If your baby has a skin complaint, check with your GP to make sure that the chlorine won’t irritate them.  Always rinse the chlorinated water off your baby after swimming and apply a moisturiser all over their skin, especially if they have dry skin or eczema.

Time it right

With a young baby, timing your trip to the pool can be a huge help.

Try not to schedule swimming for times when your baby usually has a nap or a feed. Being grumpy, hungry or tired won’t help either of you to enjoy the experience! Pick a time when your baby is usually alert and has already had a feed.

On your first swimming trip, pick a time when the centre is not as busy (usually mornings for our pools but you can always ring ahead to check).

Your first swimming trip

Get ready before you go out.  Save time and hassle by putting your own swimming costume on at home under your clothes.  Just don’t forget to pack underwear in your swim bag for later!

Ask a friend to come with you, if you feel relaxed and confident, your baby will too.   Come during our AquaTots timetabled sessions, these sessions are cheaper at £2.50 versions the normal £3.80 charge for Parent & Toddler.

Operation: changing rooms!

Get ready before you go out.  Save time and hassle by putting your own swimming costume on at home under your clothes.  Just don’t forget to pack underwear in your swim bag for later!

Get yourself undressed first, and out your belongings in a lower with towels easily accessible.   Then you can focus on getting baby undressed and ready in their swim nappies, remember to double up on reusable and disposable.

Have a towel handy when you leave the water. Babies lose heat quickly, so wrap baby up warm in a towel as soon as they are out of the water.  Hooded towels are great at keeping baby cosy post swim.

Post swim, get dressed first.  You can remove babies wet clothes and wrap in a second dry towel and pop them somewhere safe, either their car seat or one of our play pens depending on age, while you get yourself dry and dressed.   Once dressed, you can get baby into a fresh nappy and dressed in warm snuggly clothes.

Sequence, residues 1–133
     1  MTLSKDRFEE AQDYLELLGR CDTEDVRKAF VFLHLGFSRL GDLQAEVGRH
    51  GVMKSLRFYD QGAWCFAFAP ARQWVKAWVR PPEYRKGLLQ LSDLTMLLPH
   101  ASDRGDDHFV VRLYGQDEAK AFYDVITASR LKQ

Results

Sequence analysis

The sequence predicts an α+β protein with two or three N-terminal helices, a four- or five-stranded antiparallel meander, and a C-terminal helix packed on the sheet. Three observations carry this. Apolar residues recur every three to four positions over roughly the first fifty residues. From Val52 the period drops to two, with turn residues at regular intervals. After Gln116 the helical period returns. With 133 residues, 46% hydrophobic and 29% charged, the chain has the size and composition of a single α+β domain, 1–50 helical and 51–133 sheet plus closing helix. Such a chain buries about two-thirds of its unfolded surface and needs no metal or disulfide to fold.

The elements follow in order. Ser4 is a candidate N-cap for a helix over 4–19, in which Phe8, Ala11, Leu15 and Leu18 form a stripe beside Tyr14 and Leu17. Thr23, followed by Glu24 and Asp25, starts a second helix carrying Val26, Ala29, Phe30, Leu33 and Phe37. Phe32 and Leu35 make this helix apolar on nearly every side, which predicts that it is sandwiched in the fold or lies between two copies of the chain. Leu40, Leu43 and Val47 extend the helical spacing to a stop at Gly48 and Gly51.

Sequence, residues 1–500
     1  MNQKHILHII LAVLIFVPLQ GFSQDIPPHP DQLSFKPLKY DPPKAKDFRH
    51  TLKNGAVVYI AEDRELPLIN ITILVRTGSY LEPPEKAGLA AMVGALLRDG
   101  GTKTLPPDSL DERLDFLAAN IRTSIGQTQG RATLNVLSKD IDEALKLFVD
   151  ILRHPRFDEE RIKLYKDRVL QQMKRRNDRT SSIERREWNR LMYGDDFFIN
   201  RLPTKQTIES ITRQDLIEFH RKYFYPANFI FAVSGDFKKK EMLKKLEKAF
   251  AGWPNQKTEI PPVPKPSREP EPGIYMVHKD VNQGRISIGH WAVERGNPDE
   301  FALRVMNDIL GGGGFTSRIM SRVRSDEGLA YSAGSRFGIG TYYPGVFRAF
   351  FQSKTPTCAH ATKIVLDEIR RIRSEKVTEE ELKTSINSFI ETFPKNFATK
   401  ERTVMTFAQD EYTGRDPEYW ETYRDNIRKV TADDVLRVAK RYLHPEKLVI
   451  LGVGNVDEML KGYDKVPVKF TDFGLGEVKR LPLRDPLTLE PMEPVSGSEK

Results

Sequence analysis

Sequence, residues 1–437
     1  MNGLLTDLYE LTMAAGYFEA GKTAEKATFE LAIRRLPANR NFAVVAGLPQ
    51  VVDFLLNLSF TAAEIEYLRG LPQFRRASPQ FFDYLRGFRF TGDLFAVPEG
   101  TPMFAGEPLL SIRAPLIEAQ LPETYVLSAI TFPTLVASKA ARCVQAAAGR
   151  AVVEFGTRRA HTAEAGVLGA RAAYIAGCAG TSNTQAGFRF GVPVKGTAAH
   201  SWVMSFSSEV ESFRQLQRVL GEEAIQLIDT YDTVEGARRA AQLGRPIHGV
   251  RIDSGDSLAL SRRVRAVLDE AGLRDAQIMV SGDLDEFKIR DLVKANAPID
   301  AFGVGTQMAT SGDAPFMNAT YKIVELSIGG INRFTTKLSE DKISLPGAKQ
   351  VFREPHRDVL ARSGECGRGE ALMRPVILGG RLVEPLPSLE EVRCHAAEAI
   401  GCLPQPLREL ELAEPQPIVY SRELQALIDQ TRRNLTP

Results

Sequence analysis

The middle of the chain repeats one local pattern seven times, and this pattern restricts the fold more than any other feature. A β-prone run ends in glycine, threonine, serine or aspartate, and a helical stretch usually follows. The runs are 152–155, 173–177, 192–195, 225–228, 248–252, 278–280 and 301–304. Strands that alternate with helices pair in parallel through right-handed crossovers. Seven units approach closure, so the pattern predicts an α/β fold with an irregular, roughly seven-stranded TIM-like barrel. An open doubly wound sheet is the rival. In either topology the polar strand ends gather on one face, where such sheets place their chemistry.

Keep it short

Start off with sessions of 10 minutes and build up to 20 minutes. If your baby is under a year old, limit your time in the water to 30 minutes maximum.

As soon as your baby starts to shiver, get them out of the pool and wrap them up warmly. Babies lose heat more quickly than adults, so they shouldn’t stay in the pool for too long.

Make swimming fun for your baby & boost confidence in the water.

Keep your baby facing you, hold your baby close and keep eye contact with them for the first few times.  Keeping eye contact with baby will reassure baby that everything is OK.   When you feel more confident, try extending your arms and swishing your baby around.

Talk to them and praise your baby all the time, this helps boost babies confidence in the water.

Encourage baby to experience buoyancy.  Stand behind your baby with their head resting on your chest.  Put your hands under their back so the rest of the body is floating.  Your baby will soon start to move their arms and legs about and enjoy the feeling in the water.  Let your baby float on their back at first so they can see you.  Once you and baby are more confident you can try floating on their front.  Place your hand under their tummy and the other under their chin to support baby and stop their face going in the water.

Get your baby’s face wet.  This helps your little one get used to the feeling of water on their face.  You could try this in the bath before coming swimming.   Trickle water over their head and face.

Let your baby splash and play with toys. If you don’t keep your baby moving in the water they will get cold. Swoosh baby in the water and bounce them up and down. You can also play games with toys,   throw one a few feet across the pool and move them through the water to retrieve the toy.  Blow a toy across the water and get your baby to blow it back or at least copy you blowing.

Sing nursey rhymes. When your baby can sit up, put them on the side of the pool and sing “Humpty Dumpty”. When you get to the line “Humpty Dumpty had a great fall” lift them down into the water with a splash.